Figure 4: The additional region as a result of CTM is shown (extra coverage area gained for the source).

5. Throughput Analysis

For convenience and to facilitate comprehension, we considered a throughput analysis of the DWN based on an analytical model given in [20]. The throughput () is given aswhere is the node degree of the CTM; is the time required to transmit a frame to the destination over DTM which is given in (11); is the total time required to transmit frame over CTM, where and are the time required for transmission over CTM and overhead time, respectively. In addition indicate to or to , is the upper bound on reliable data transmission (Shannon capacity), and is the expected number of hops in this work . Note that the variables with index CTM are affected by the cooperation of the DCCP, where Shannon capacity of DCCP is given as [21]where is the bandwidth of DTM; generally, the coding scheme reduces the bandwidth efficiency by coding rate ratio , in which is the number of bits out of the encoder, and is the number of input bits to the encoder, where , and is the coding rate; for example, if the coding rate is , then the bandwidth efficiency is reduced by ; therefore, the bandwidth efficiency of CTM is double compared to DTM because the DCCP divides the redundant bits by 2 on the source and relays which results in higher coding rate, . The bandwidth efficiency of DCCP is given as , and, as a result, . Finally, we can rewrite (23) asIt is clear that the throughput of the DTM may or may not improve because the relays are always repeating what was transmitted by the source and increasing node degree of the source; accordingly we can draw theorem of throughput relation to delay and connectivity.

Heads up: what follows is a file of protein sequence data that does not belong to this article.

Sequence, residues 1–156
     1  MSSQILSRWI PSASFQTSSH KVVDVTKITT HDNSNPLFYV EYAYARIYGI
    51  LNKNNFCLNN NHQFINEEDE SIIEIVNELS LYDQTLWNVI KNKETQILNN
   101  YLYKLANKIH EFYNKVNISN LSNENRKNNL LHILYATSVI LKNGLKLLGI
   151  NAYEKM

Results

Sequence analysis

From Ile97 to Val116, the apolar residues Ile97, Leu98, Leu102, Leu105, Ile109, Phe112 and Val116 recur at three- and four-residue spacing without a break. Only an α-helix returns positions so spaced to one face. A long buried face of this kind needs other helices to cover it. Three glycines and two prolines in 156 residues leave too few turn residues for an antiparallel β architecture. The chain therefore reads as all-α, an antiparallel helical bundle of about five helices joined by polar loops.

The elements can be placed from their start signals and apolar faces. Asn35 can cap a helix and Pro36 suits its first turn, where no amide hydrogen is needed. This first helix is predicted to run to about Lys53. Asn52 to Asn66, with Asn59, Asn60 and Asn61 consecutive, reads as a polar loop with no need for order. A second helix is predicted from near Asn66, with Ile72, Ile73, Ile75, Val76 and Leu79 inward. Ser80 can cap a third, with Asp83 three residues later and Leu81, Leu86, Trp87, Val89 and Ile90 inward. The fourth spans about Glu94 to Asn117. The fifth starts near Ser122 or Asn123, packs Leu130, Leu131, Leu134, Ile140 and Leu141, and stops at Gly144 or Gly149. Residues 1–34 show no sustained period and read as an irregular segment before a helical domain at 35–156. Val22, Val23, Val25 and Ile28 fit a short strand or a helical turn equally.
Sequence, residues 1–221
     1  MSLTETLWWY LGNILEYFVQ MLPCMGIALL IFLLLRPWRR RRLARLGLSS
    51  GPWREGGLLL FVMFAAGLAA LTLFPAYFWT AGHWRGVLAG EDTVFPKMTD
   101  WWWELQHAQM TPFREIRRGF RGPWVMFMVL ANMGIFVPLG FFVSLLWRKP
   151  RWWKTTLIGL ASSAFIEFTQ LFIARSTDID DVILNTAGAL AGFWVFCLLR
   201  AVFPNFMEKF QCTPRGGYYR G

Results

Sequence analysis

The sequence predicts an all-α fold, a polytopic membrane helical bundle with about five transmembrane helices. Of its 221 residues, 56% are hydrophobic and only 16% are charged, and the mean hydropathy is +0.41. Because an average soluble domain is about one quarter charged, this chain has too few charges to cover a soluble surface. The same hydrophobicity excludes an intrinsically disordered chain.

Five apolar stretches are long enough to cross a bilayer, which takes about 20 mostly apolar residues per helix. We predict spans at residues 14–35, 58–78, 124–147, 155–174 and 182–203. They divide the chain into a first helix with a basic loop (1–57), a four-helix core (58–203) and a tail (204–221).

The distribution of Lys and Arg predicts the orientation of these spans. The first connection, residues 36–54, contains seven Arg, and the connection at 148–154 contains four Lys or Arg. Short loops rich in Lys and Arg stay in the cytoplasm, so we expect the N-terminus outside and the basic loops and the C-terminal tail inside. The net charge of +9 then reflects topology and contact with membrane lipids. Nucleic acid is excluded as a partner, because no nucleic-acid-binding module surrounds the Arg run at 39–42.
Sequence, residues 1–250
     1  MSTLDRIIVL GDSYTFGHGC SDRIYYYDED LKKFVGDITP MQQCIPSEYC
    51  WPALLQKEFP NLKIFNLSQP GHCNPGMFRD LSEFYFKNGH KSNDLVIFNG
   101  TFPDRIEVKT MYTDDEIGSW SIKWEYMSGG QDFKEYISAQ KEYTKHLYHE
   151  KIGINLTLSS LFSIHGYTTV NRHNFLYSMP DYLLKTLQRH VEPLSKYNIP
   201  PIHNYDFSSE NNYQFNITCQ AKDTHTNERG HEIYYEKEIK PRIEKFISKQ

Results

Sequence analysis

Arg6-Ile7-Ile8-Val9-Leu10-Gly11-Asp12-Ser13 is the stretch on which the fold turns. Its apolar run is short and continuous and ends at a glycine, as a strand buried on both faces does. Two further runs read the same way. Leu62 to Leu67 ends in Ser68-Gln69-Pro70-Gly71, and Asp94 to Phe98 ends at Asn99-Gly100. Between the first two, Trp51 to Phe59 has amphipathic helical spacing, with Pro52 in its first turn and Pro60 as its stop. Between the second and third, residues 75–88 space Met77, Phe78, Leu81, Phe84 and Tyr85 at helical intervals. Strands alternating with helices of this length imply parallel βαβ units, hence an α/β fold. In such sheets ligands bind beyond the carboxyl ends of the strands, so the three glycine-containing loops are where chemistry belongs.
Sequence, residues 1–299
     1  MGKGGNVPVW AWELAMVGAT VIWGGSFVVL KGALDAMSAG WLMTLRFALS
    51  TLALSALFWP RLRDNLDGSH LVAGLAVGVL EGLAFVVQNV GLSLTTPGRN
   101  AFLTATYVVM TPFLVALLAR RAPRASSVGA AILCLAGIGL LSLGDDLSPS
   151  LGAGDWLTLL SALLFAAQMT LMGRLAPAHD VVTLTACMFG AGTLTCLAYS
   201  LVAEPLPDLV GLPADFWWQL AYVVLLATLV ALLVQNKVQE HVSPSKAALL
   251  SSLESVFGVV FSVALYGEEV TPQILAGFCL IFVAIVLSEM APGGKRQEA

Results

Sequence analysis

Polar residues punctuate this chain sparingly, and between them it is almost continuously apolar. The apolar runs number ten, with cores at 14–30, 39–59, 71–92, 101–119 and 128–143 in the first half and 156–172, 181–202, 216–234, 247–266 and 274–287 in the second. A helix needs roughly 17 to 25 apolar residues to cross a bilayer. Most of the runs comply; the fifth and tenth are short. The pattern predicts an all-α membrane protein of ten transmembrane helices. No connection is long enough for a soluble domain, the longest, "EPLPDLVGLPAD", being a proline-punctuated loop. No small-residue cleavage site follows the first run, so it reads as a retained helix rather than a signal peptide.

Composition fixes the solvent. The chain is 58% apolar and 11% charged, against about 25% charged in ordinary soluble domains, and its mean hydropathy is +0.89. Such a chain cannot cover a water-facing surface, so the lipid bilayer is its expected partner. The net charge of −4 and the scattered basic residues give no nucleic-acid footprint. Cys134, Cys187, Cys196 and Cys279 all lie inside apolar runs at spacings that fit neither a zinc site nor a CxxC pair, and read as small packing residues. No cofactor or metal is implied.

Theorem 1. For the proposed relays selection protocol with and the DCCP employed for random nodes distribution over service area, the achievable throughput is given as

The theorem expresses the throughput for CTM, that is, it is proved that the throughput of the cooperation is inversely proportional to the delay and node degree, where , , and are the signal-to-noise ratio, total time to transmit data from the source to destination over DTM, and node degree, respectively, where is the big notation.

6. Performance and Results

In this section, we evaluate the performance of the proposed CMAC protocol via an analytical model. The evaluation is divided into three parts: the first part considers the proposed CMAC protocol from a delay perspective; the second part considers connectivity when the DCCP is employed; and finally the third part considers throughput performance as a function of increasing delay and connectivity.